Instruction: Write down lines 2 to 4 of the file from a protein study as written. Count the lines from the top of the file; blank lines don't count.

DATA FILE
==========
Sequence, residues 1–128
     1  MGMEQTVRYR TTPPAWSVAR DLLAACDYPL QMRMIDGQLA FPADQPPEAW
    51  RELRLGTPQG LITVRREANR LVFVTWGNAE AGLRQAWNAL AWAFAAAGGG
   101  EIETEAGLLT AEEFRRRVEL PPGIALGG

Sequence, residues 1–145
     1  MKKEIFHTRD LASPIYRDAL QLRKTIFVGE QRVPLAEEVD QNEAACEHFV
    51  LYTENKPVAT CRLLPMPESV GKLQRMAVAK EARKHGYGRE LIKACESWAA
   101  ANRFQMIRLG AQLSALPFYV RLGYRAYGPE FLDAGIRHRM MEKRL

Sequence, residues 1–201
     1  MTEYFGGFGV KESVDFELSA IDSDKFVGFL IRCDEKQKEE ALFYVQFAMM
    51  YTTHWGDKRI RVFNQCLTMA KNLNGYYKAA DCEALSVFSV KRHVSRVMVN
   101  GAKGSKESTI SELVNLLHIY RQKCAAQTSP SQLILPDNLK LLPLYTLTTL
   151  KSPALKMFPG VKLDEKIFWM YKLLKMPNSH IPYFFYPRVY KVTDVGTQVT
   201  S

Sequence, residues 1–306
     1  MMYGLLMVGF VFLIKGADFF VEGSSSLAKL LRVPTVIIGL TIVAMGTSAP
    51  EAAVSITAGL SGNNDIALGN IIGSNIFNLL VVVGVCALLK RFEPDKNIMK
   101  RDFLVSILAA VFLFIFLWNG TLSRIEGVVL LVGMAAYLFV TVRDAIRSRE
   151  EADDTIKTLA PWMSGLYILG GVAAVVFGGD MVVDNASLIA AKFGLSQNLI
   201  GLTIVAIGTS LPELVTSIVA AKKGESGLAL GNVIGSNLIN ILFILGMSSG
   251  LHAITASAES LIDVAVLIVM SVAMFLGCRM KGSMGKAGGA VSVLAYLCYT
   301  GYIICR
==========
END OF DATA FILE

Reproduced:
     1  MGMEQTVRYR TTPPAWSVAR DLLAACDYPL QMRMIDGQLA FPADQPPEAW
    51  RELRLGTPQG LITVRREANR LVFVTWGNAE AGLRQAWNAL AWAFAAAGGG
   101  EIETEAGLLT AEEFRRRVEL PPGIALGG